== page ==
Mixed response to DUP running first openly gay election candidate
THE DUP has received a mixed response to fielding the party's first openly gay election candidate.
LGBT campaigners broadly welcomed the move but called for further change, while some within the party expressed shock and fiercely criticised the decision.
The Irish News yesterday revealed Alison Bennington, an election candidate for Antrim and Newtownabbey council, is the DUP's first openly gay politician.
Her candidacy is considered a significant step for the party, which has a long history of hostility towards LGBT (lesbian, gay, bisexual and transgender) people.
Former DUP leader Ian Paisley led the 'Save Ulster from Sodomy' campaign in the 1970s. The party still opposes same-sex marriage in Northern Ireland – the only part of Ireland and Britain where it remains outlawed.
Ms Bennington, who runs a consultancy firm and has a long-term partner, said she is seeking election based on what she can deliver for voters, "not based on my sexual orientation".
The DUP said it believes in "equality of opportunity" and described Ms Bennington as an "excellent candidate" for the Glengormley area.
Cai Wilshaw from LGBT website PinkNews – which hosted a Stormont event last summer attended by DUP leader Arlene Foster – said he was "pleasantly surprised".
"It follows on from Arlene Foster's encouraging comments at last year's PinkNews summer reception and suggests an openness to change as they look to attract voters from all sectors of society," he said.
"While it is true this is a positive development, I hope this is only the first step in a broader change in the party's outlook on equal rights for all in the north of Ireland."
The Rainbow Project's Gavin Boyd said the organisation "always welcomes LGBT people standing for office".
"However, selecting an LGBT candidate says nothing about whether the DUP has changed from being openly hostile to LGBT people, our families and our rights," he said.
"When the party begins to make amends for the way it has treated our community we will hold out the hand of friendship as we always have."
DUP MLA Jim Wells said he was "absolutely gutted" and claimed the party had "pandered to the demands" of LGBT campaigners.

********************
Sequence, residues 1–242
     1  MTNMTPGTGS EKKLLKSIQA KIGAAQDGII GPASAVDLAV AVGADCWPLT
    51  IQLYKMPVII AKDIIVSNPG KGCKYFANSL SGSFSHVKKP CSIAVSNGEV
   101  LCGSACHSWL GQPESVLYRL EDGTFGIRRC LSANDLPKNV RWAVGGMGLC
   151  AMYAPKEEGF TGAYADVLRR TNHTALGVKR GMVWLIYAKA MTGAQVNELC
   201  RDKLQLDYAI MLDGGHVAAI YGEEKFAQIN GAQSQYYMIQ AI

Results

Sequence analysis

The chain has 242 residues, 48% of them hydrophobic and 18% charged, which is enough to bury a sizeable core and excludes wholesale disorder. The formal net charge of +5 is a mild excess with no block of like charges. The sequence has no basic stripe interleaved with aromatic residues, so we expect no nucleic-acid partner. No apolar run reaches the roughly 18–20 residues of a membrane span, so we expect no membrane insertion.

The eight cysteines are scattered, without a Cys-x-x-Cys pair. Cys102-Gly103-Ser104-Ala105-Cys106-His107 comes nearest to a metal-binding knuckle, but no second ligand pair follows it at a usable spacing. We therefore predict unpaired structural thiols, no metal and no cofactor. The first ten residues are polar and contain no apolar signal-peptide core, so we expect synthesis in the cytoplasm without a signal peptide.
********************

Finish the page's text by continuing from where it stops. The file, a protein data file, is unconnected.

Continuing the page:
"I can't tell you how shocked I am about this decision. I think it's going to shake the very core vote of the DUP to the foundations," he said.
"The party is making a very clear statement here by this selection and it fundamentally undermines the values and traditions of the party."
He added: "Many, many members have contacted me and just can't understand what has happened here.
"The party was founded by Ian Paisley from a fundamental Protestant background, and the biblical teaching on this subject is absolutely clear. There is no ambiguity, that this lifestyle is not endorsed biblically."
Retired Free Presbyterian minister Rev David McIlveen, a close friend of the late Ian Paisley, said he was not surprised.
"I think we live in a generation now where people are displaying their talents irrespective of their private life. But I'm very strongly opposed to the practice of LGBT issues from a biblical perspective," he said.
He said Ms Bennington should work "under the remit or the mandate of the particular party she represents, but if she deviates from that I think that's a problem".
Alliance election candidate Glenn Finlay said: "Fair play. No point focussing on the negatives if you can't commend positive progress as well."
But another Alliance candidate Micky Murray replied saying there is "nothing progressive about this" and that by standing for the DUP "she is endorsing their treatment of LGBT people".